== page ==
S. Korea's new finance minister cautious on adopting Tobin taxSouth Korea's new finance minister said Saturday that it needs to be cautious of adopting the so-called Tobin tax, indicating that such a measure could trigger a capital outflow.
The South Korean government said earlier that the country may move to tighten its regulation on capital flows in and out of the country amid worries that growing volatility in the currency market could hurt the country's overall economic stability.
As part of the new measures, the government said it is considering introducing taxation on foreign currency transactions, called the Tobin Tax, in order to ease market fluctuations caused by an infusion of hot money.
"We need to discuss more whether to strengthen existing measures, or introduce a new step," Hyun Oh-seok told reporters. "When we formulate new measures, we should keep in mind their side effects," he said.
Financial market stability is a major cause for concern for the Korean government, which has experienced economic crises caused by financial market meltdowns.
Since 2010, Korea has implemented a set of the so-called macro-prudential measures to ease volatile cross-border capital flows, including bank levies and tighter regulations on banks' foreign exchange (FX) derivatives positions.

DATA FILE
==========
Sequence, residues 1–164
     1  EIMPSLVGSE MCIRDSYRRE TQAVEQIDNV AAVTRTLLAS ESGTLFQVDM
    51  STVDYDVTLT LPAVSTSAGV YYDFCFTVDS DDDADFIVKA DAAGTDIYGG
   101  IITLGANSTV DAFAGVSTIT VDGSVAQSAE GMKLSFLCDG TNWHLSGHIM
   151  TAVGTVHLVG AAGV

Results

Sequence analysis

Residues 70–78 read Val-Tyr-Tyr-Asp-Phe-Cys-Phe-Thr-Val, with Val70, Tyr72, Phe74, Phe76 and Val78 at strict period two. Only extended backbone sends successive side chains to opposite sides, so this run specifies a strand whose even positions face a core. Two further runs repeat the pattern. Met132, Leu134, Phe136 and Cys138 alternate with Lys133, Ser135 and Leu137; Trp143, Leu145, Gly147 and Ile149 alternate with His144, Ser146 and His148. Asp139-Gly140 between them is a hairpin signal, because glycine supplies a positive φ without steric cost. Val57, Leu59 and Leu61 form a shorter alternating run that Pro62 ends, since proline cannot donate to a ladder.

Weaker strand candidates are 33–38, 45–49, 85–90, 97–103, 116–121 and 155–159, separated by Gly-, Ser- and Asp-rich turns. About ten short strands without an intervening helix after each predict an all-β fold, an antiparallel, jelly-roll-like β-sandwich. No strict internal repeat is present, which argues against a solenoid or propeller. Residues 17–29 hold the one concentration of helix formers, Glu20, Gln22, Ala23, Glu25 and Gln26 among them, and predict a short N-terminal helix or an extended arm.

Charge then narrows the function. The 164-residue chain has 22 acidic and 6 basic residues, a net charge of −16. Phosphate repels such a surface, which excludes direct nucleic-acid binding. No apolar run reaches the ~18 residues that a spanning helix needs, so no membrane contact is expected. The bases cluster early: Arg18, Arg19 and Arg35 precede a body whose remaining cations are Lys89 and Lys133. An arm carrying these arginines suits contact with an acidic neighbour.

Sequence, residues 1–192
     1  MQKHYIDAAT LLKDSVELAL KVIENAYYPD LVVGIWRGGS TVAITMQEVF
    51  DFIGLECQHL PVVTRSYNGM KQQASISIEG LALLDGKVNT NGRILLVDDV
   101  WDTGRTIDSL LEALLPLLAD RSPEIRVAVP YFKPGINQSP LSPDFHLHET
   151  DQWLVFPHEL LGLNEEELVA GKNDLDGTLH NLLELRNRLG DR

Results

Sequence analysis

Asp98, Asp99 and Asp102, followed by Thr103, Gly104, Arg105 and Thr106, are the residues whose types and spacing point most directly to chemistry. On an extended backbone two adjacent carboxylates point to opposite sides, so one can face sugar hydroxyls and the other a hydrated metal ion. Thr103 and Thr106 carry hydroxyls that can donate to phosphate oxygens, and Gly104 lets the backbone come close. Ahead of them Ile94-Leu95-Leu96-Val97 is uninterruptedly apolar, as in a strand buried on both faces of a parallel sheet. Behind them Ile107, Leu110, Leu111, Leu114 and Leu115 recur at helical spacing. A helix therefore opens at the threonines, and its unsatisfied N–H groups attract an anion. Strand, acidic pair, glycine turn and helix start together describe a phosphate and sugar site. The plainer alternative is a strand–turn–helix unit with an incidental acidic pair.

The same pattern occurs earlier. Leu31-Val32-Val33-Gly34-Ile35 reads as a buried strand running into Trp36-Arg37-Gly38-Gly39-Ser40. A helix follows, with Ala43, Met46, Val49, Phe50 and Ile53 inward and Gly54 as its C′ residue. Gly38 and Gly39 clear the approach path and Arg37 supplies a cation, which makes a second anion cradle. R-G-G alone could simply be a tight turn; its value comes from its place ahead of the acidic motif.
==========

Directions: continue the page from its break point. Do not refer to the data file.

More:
Late last year, the government announced that it would lower the ceiling of FX forward positions held by local and foreign banks by 25 percent amid the local currency's gain and said that it would take further actions if needed.
The finance minister also worried over the weakness of the Japanese yen, saying that a set of economic policies to be revealed next week include measures to help boost local exporters' competitiveness in overseas markets.
Hyun signaled that the government may trim its growth outlook for the year, adding that revised estimates will be revealed next week.
"Given the current trend, this year's economic growth rate may be lower than previously estimated," Hyun said. "That's why we are working on economic recovery measures."
In December, the government trimmed the growth estimate for Asia's fourth-largest economy to 3 percent from 4 percent citing weak domestic and overseas demand.
The Bank of Korea, the country's central bank, also cut its growth estimate to 2.8 percent from 3.2 percent.
As to calls for deregulations on the local property market, Hyun said his ministry would take all macrcoeconomic polices into account.
"The property market is not the only factor in mapping out economic policies," Hyun said, signaling that current regulations on home purchases would be maintained for the time being.
The local property market has taken a dive in the past few years, forcing some mortgage holders to auction off their property.
The bulk of banks' mortgage loans in South Korea are tied to the loan-to-value ratio (LTV), a gauge used by banks to determine the amount of a home-backed loan approvable based on the price of the house. The ratio varies with cities but the average is 50 percent for Seoul and the metropolitan area, and 60 percent in rural regions.
Local banks' household loans, including home-backed and credit loans, amounted to 459.3 trillion won as of the end of August, up 1.5 trillion won from the previous month, according to the Bank of Korea. Of the figure, the mortgage lending stood at 311.6 trillion won as of end-August.